Fishing with Maggots

The maggot is available in all respected tackle shops. They are the most popular coarse fishing bait in the UK, most probably because they are a trusted natural bait and for the amount you get, are very cheap to buy.
fishing bait - maggots

However  the main reason for there popularity amongst anglers is that the maggot (if the fish are feeding) is guaranteed to catch all known coarse fish, including the occasional pike! As well as some sea fish such as mullet and game fishing, mainly trout.

Storing & Selecting the Maggot
If stored in a fridge, they will keep for a number of days before they turn into a caster, the caster can equally be a very good bait.
Try to avoid purchasing ‘sweaty’ maggots or slow moving ones, as this means they will be turning to caster shortly. If they over-heat too much, they will die. (even dead maggots can be used as loose feed)

Maggots come in a variety sizes, the smaller ones are know as pinkies. Dyed maggots are also very popular, and colours include red, bronze and yellow. Maggots are bought by the pint (or ½ pint) so it’s well worth buying a variety of colours, although it worth separating these into different bait boxes, as its normally best to throw one colour in as loose feed, and use the other colour on the hook. Each day is different, but keeping the maggots in separate bait boxes keep your options open.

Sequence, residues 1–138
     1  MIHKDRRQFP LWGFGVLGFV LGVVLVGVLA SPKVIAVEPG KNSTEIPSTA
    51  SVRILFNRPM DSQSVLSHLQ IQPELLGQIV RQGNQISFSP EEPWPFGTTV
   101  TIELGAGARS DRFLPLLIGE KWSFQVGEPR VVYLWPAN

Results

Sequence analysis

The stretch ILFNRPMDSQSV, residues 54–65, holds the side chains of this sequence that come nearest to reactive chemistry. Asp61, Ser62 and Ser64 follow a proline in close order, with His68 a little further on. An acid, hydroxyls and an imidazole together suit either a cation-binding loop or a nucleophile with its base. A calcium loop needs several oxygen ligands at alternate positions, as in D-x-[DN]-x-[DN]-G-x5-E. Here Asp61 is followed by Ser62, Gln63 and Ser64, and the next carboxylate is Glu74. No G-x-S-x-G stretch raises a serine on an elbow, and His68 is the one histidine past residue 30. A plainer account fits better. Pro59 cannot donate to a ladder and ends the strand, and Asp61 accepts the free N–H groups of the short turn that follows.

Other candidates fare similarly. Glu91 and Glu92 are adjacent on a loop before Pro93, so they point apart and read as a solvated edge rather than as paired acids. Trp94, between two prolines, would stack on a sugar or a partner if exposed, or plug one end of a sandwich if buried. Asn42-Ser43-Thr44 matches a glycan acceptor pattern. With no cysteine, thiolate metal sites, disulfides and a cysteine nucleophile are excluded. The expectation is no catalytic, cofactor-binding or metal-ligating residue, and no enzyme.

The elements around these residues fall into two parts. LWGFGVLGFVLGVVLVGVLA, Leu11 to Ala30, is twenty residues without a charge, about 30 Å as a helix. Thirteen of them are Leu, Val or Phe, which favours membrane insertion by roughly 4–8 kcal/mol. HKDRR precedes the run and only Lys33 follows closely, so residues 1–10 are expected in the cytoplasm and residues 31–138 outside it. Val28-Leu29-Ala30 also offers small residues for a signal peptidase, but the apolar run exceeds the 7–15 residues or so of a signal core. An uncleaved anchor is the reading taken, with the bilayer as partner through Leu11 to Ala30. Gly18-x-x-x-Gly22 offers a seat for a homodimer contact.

Hooking & Presenting the Maggot

maggot hooks
The best way to hook a maggot is by gently pressing the body and its ‘beard’ will stick out, hook this part using a sharp small hook. If the maggot bursts discard it and use a fresh maggot. You may also hook the maggot through its tail end, hook it at the very end, again so it doesn’t burst. A popular method is called top & tail where you use two maggots on the same hook, using the two hooking methods described.

Drennan provide carp and silverfish maggot hooks. Spade end hooks are recommended, as the spade is less visible than an eyed hook.

For carp fishing, you can hook as many as you can on one hook, although the best method it to literally thread about 50 maggots onto fine line using a pin, so you basically have a line full of maggots. Then tie this onto a hair-rig, the maggots will pull tight and form a ball shape. This is irresistible to carp. Other techniques include super glue, and feeder fishing them.
The key to maggot fishing is to keep the bait fresh, and wriggling maggot is better than a static one. So change your bait when the maggot is looking dull.

A good trick is to breathe on the maggot before it goes into the cold water. Warming up the maggot just before it hits the water will send it into a wriggling frenzy!

The maggot is the larvae of the bluebottle, you could make you own maggot hatchery at home by using a dead chicken or sheeps heart to attract the flies, but these day its really much easier to purchase from your local shop, or go to your nearest maggot farm and buy by the bucket full!

If you ever run out of maggots, there are also maggot vending machines availalbe!! What ever next?

Author: admin

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